Afghanistan could descend into civil war and corruption and drugs trading could continue to cause problems once coalition forces withdraw from the country in less than two years' time, a report from the Defence Select Committee warned today.
In its report the committee also said the Ministry of Defence and Foreign Office "painted a very positive picture of the transition" to the Afghan National Security Forces, but pointed out there were concerns over the capability of Afghan forces to fill the gap left once coalition forces withdraw at the end of 2014, particularly in terms of helicopters, close air support and logistics.
Given there are less than two years before the end of 2014, the committee called on the Government to set out how it sees its future role in Afghanistan.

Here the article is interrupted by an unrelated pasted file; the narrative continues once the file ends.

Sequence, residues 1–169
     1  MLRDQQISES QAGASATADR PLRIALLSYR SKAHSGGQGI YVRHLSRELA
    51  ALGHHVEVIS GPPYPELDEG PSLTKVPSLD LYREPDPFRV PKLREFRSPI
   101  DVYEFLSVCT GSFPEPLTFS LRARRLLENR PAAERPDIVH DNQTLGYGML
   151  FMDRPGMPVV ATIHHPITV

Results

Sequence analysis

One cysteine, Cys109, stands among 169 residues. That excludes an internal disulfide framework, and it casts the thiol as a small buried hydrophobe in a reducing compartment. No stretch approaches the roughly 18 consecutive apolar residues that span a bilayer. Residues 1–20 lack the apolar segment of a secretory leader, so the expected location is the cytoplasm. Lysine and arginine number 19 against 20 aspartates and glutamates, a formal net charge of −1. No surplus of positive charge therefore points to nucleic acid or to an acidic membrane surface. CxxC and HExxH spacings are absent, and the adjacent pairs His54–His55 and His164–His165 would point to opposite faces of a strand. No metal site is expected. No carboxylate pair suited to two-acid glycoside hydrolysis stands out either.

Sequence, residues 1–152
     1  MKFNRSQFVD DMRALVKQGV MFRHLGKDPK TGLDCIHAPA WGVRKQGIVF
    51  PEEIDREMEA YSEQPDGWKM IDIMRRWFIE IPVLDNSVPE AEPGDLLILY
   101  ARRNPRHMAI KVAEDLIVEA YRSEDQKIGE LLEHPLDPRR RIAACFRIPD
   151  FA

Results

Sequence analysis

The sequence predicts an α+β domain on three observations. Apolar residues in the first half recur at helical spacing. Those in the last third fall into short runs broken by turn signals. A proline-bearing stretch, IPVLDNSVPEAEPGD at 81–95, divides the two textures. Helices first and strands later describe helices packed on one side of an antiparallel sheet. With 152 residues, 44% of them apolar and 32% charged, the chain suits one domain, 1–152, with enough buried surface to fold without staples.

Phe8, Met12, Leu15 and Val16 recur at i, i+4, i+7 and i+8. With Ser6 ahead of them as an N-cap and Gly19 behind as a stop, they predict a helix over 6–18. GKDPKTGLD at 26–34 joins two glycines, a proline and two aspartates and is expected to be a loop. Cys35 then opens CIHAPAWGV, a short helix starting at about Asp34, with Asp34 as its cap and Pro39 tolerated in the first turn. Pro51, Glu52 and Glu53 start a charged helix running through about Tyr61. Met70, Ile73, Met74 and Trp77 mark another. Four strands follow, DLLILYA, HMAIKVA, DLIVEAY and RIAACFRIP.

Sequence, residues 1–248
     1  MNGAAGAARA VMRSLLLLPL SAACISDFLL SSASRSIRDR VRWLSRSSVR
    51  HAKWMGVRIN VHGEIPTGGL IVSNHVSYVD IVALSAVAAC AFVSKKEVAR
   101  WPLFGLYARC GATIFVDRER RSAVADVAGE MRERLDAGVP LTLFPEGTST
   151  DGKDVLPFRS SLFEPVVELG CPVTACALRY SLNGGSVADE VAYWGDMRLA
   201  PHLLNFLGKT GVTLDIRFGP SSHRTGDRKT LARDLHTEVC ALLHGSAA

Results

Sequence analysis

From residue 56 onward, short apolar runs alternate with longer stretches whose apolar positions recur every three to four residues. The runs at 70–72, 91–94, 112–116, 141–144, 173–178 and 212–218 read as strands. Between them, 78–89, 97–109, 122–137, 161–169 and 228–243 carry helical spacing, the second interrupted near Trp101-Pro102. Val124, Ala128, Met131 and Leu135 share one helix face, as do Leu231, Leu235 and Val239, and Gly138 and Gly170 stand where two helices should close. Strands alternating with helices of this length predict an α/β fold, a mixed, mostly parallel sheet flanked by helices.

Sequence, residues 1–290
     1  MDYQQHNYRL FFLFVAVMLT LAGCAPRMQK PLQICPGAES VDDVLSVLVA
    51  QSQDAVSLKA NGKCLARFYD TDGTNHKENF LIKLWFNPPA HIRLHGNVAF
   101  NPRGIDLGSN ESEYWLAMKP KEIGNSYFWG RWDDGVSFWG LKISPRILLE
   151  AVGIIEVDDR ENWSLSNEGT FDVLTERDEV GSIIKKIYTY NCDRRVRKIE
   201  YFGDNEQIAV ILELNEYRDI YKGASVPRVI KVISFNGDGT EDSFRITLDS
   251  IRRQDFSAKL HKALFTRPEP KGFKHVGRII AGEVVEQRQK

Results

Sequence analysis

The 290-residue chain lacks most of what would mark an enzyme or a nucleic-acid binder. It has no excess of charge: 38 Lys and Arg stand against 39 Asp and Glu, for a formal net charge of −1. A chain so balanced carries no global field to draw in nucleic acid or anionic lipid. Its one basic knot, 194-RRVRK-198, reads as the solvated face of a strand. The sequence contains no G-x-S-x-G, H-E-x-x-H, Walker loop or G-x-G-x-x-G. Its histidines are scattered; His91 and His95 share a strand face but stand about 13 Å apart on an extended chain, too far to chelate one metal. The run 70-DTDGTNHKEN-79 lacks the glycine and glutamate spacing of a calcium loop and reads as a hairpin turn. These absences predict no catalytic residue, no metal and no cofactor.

There needs to be a contingency plan to deal with a breakdown in security as UK troops pull-out, including the possibility of an armed resistance to withdrawal, the group of MPs said.
And they conceded that some ground may have to be given in negotiations with the Taliban.
Conservative MP James Arbuthnot, the committee chair, said: "The UK and its international partners must show the Afghan people that they will abide by their obligations to continue to support them in their efforts."
Defence Secretary Philip Hammond said that vision was of an Afghanistan that could "maintain its own security and never again be a safe haven for international terrorism.
"The fact that Afghan security forces are now leading on more than 80 per cent of all security operations across the country shows we are well on the way to achieving that aim," he said, adding that Britain had committed £70million to an international fund to sustain the Afghan security forces after 2014.